PHILDAELPHIA (WPVI) -- The Anti-Defamation League (ADL) has been tracking incidents of hate directed at Jewish people since 1979.
Its newest statistics from 2022 show that incidents of reported antisemitism rose to a record high across the U.S. as a whole.
Reported antisemitism also rose in Pennsylvania and New Jersey, with New Jersey ranking among the top three states for antisemitic incidents.
According to the ADL data released Thursday morning, there were 114 antisemitic incidents last year in Pennsylvania.
What happened Monday in the city's Port Richmond section will likely be a part of next year's report, as residents found dozens of white supremacist fliers and stickers with racist and antisemitic messages.
"Obviously it was shocking," said Tim Golden of Port Richmond. "I don't want to see anything like that around this neighborhood, or any neighborhood in Philly, or anywhere else."
"This is a tactic of white supremacist groups to be able to, one, intimidate minority communities, but also try to recruit people," said Andrew Goretsky, Regional Director of ADL Philadelphia, which encompasses eastern Pennsylvanian, southern New Jersey and Delaware.
The Anti-Defamation League just released new data showing antisemitic incidents in the U.S. rose 36% last year to hit an all-time high. There were 3,697 incidents of harassment, vandalism, or assaults against Jewish people reported across the country.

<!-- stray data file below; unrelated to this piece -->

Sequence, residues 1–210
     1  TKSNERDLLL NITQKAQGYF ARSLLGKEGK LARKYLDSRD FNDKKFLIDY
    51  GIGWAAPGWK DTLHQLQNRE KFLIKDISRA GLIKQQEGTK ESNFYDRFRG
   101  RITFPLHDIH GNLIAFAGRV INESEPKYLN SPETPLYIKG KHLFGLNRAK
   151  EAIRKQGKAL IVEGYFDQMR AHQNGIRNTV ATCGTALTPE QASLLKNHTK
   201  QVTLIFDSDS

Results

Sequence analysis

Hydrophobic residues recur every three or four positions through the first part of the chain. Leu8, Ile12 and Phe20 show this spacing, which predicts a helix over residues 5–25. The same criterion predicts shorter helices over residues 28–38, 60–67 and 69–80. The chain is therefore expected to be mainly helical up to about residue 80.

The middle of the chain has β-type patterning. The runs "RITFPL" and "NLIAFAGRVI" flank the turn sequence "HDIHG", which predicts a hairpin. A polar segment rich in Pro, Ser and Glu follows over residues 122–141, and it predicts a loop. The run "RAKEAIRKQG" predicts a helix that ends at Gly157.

Pennsylvania and New Jersey also reached all-time highs with antisemitic incidents rising 65% in Pennsylvania to 114 incidents (compared to 69 incidents in 2021).
The number of incidents rose 10% in New Jersey to 408 incidents, compared to 370 in 2021.
In Delaware, there were only 11 reported antisemitic incidents. That is still an increase compared to the three incidents the state had the year before.
New Jersey ranked third in the country for the most antisemitic incidents, topped only by New York and California.
Goretsky says many incidents happened in areas closer to New York state.
The increasing incidents are spurred, in part, by hate groups that have gotten more organized.
"Pennsylvania has some of the largest chapters of some of the white supremacist groups that exist nationally," said Goretsky, who added that public officials should speak out against hate.
In Southeastern Pennsylvania, the areas with the most antisemitic incidents were Philadelphia, Montgomery, and Bucks counties.
"What's particularly alarming to me... is the increase of K-12 incidents of harassment," said Goretsky.
Educating against hate, he says, is key to stopping it. Another key is allyship.
"When we start to see a rise in antisemitism, we see a rise in hate in all forms," he said. "Speaking up for each other and with each other is vitally important."
One mystery resident took a stand in Port Richmond when the racist and antisemitic flyers were placed in the neighborhood. Golden heard about what the person did to get rid of the hateful messages.
"Somebody volunteered to go around with a box cutter and cut everything down," he said. "He said he must have cut down 100 of them."
The ADL encourages anyone who is a victim to report it to police and the Anti-Defamation League.
To read the entire ADL report, click here: https://www.adl.org/resources/report/audit-antisemitic-incidents-2022